January 15, 2011

Welcome back, Jimbo: Thome re-signs with Twins

Jim Thome shopped around this offseason, with his agent floating talk of a two-year contract and the Rangers emerging late as legitimate suitors for the 40-year-old slugger, but yesterday Thome turned down Texas' offer and returned to Minnesota for one year and just $3 million in upfront money. Signing him for $1.5 million plus incentives was the best move any team made last winter and the same may be true of keeping him for $3 million plus incentives this winter.

As a left-handed hitter who struggles versus left-handed pitching Thome isn't quite the perfect fit for the Twins' lefty heavy lineup, but ultimately handedness should take a clear backseat to overall production and Thome batted .283/.412/.627 with 25 homers and 60 walks in 340 plate appearances last season to join Justin Morneau, Josh Hamilton, Miguel Cabrera, Joey Votto, and Albert Pujols as the only MLB hitters with a 1.000 OPS in at least 300 trips to the plate.

Thome is unlikely to repeat that MVP-caliber production because no 40-year-old hitter has ever come within even 100 points of the 1.039 OPS he had at age 39, but he could lose 200 points of OPS this season in what would be the worst full season of his career and still be the Twins' third-best hitter. He's an elite bat coming off an amazing year in a part-time role and the Twins re-signed him for less than they paid Nick Punto last season. Perfect fit? No. Great move? Yes.

Thome started just 34 of 84 games prior to Morneau's concussion on July 7, so Thome's return combined with a healthy Morneau would create the same lineup logjam with five good hitters (Thome, Morneau, Delmon Young, Michael Cuddyer, Jason Kubel) for just four spots. And if healthy Morneau is going to play nearly every day, so that would mean one of Thome, Young, Cuddyer, or Kubel on the bench for each game.

Against right-handed pitchers the simple solution would be to bench Cuddyer, who batted just .265/.307/.393 versus righties last season and hit a combined .261/.319/.423 off them during the past three years. In theory sitting Cuddyer against most right-handers should be an easy call, but Ron Gardenhire has shown nothing to suggest he'd be willing to platoon him and in fact Cuddyer has almost never been a healthy scratch at any point in the past five seasons.

My hope is Gardenhire will realize Thome is so spectacular versus righties--clobbering them to the tune of .302/.455/.698 last year and .266/.396/.543 from 2008-2010--that he must be in the lineup whenever one is on the mound, but that certainly wasn't the case before Morneau's concussion forced Thome into a bigger role. Assuming everyone is healthy, any game Thome is not starting versus a righty is a game the Twins likely didn't put their best lineup out there.

Choosing a lineup against righties will be tough for Gardenhire because of the logjam created by Thome's return, but choosing a lineup against lefties will be tough because the Twins simply don't have enough capable right-handed bats right now. Thome hit .228/.321/.481 off lefties from 2008-2010, which is mediocre at best for a designated hitter yet dwarfs Kubel's measly .233/.312/.351 line off lefties during that same time.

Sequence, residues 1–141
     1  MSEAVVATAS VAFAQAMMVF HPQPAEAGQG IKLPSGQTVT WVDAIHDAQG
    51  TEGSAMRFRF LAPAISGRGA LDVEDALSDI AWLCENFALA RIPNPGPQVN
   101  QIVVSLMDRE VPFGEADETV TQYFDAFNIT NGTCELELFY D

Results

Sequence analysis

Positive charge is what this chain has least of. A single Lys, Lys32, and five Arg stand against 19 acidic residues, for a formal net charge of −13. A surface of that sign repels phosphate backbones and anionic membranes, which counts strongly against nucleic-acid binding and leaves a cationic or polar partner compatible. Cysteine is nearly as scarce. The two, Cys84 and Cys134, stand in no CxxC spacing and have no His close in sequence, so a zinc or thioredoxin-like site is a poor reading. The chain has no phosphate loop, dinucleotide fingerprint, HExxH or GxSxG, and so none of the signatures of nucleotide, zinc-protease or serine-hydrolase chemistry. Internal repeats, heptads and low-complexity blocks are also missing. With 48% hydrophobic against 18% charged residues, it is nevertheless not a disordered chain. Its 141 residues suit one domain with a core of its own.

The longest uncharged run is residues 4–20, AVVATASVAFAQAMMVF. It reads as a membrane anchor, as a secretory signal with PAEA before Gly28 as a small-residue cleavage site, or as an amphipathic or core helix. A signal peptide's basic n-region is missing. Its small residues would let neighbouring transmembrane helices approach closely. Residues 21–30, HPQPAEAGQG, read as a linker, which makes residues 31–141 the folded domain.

Much like Jacque Jones before him Kubel should almost never be in the lineup against lefties, but he started 38 of the team's 56 games versus a left-hander last season and had 183 plate appearances off southpaws overall. Thome is a far better option than Kubel versus lefties, but doesn't actually qualify as a good option versus them and sitting Thome when southpaws start would make it easy to keep the 40-year-old well rested as he joins the 600-homer club.

Bringing back Thome for $3 million in guaranteed money is a no-brainer, but the Twins will only receive the full benefit of the great move by actually playing him over Cuddyer against righties. And while bringing back Thome at a bargain price doesn't do anything to balance their lineup versus left-handed pitching, the Twins should have been looking for a right-handed bench bat anyway and can still address the issue by signing any number of free agents at minimal cost.

He's not the perfect fit, but retaining a middle-of-the-order monster for the 100 games started by righties is a lot more important than finding a solid right-handed bat capable of beating up lefties for the other one-third of the schedule. And the great move can become even better if Gardenhire starts Thome against righties more often than he did prior to Morneau's concussion and the Twins add a righty bench bat decent enough that Thome isn't needed versus lefties.

22 Comments »

  1. It’s sad that you have to lecture Ron Gardenhire on who to start. Shouldn’t he know the numbers and understand who to start? Sadly, he doesn’t. He’s stuck in the 1970′s and manages accordingly, playing the players he likes and the players who pass his eye test. It amazes me that a major league manager can’t understand baseball statistics in 2011.

    Comment by Jeff Allen — January 15, 2011 @ 9:26 am

  2. because no 40-year-old hitter has ever come within even 100 points of the 1.039 OPS he had at age 39

    Barry Bonds, age 42: 276/480/565, OPS 1.045

    Comment by Sweet Dick Willie — January 15, 2011 @ 10:45 am